Among other things, Stringer’s letter says the steps Tyson took to protect employees were “grudging and minimal, such as letting workers use bandanas or sleeping masks.” The letter also asserts that “Tyson never moved workers six feed apart … nor did it slow the assembly line so that workers could be socially distanced.” The letter notes that the company did hang plastic sheeting, but that this effort could not be effective if the workers were not six feet apart.” According to the letter, Tyson “reportedly misled its workforce … by telling them ‘everything is fine.’” The company’s sick leave policy eventually was adjusted in June so that the policy resulting in “penalizing workers who take sick leave to avoid contact with any exposed workers.” The company “only reluctantly built outdoor break rooms,” and employees had to use overcrowded bathrooms.
The result, the letter asserts, is that “as of December 3, 2020, Tyson has the highest number of COVID-19 cases of any company in the meatpacking industry, more than three times as many as the next company.”
The complaint alleges that on the trading day on which Stringer’s letter was released, the company’s share price declined 2.5%.
The new lawsuit against Tyson already represents the fourth coronavirus related securities class action lawsuit filed so far in 2021, and the 27th overall. It seems that the coronavirus-related securities litigation phenomenon, like the coronavirus outbreak itself, is lasting a lot longer than anyone anticipated. And, again like the coronavirus outbreak, it starting to look the like the related litigation is poised to continue well into the new year.
As I have observed before, the coronavirus-related securities class action lawsuits fall into three general categories: first, the cases involving companies that have experienced an outbreak of coronavirus in their facilities (cruise ship lines, private prison systems); companies that claimed to be able to profit from the outbreak (vaccine development companies, manufacturers of personal protective equipment, diagnostic testing companies); and companies that experienced setbacks in their operations or financial results owing to the outbreak (real estate development firms, property management companies).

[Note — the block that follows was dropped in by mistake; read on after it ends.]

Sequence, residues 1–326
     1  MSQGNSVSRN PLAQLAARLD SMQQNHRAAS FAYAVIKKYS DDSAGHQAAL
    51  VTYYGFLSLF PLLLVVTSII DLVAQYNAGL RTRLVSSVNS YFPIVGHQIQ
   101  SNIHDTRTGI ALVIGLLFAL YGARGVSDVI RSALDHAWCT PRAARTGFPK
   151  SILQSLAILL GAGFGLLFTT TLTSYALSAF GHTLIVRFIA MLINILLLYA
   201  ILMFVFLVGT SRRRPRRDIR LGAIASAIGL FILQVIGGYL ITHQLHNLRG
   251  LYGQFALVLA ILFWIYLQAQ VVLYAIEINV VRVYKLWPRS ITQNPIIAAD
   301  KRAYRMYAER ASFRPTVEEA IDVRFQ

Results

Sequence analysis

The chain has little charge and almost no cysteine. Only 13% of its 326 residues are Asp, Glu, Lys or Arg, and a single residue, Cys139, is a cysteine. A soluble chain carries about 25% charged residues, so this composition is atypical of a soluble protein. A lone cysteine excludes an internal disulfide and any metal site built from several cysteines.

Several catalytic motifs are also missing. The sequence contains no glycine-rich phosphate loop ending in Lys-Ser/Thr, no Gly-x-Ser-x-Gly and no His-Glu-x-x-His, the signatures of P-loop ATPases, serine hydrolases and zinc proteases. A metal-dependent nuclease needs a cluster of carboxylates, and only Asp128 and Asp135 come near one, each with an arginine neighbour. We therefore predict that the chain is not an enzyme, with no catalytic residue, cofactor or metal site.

This new case falls most clearly into the first category, as the root of the case has to do with coronavirus outbreaks at the company’s meat-packing facilities, although the alleged misrepresentations do tend to shade into the third category, as well.
The case asserts that that the company made some very serious misrepresentations to investors. And there is no doubt that the allegations concerning the number of company employees that were infected with the coronavirus are serious and disturbing.
However, in asserting that investors were misled, and in support of the very serious allegations of misrepresentations that the complaint asserts, the sole source that the complaint cites and relies upon is the letter from the New York Comptroller. The letter simply asks the SEC to investigate the company. The complaint says nothing about any response of the SEC. In addition, when the letter was published, the company’s share price dropped only 2.5%. As I have found myself saying with depressing frequency recently when commenting on new securities class action complaints, a stock drop of this size is hardly the dramatic drop on which securities complaints used to rely in order to assert that the supposed revelation had “shocked the market.”
The case has only just been filed and it remains to be seen how it will fare. However, in its current form, it seems thin.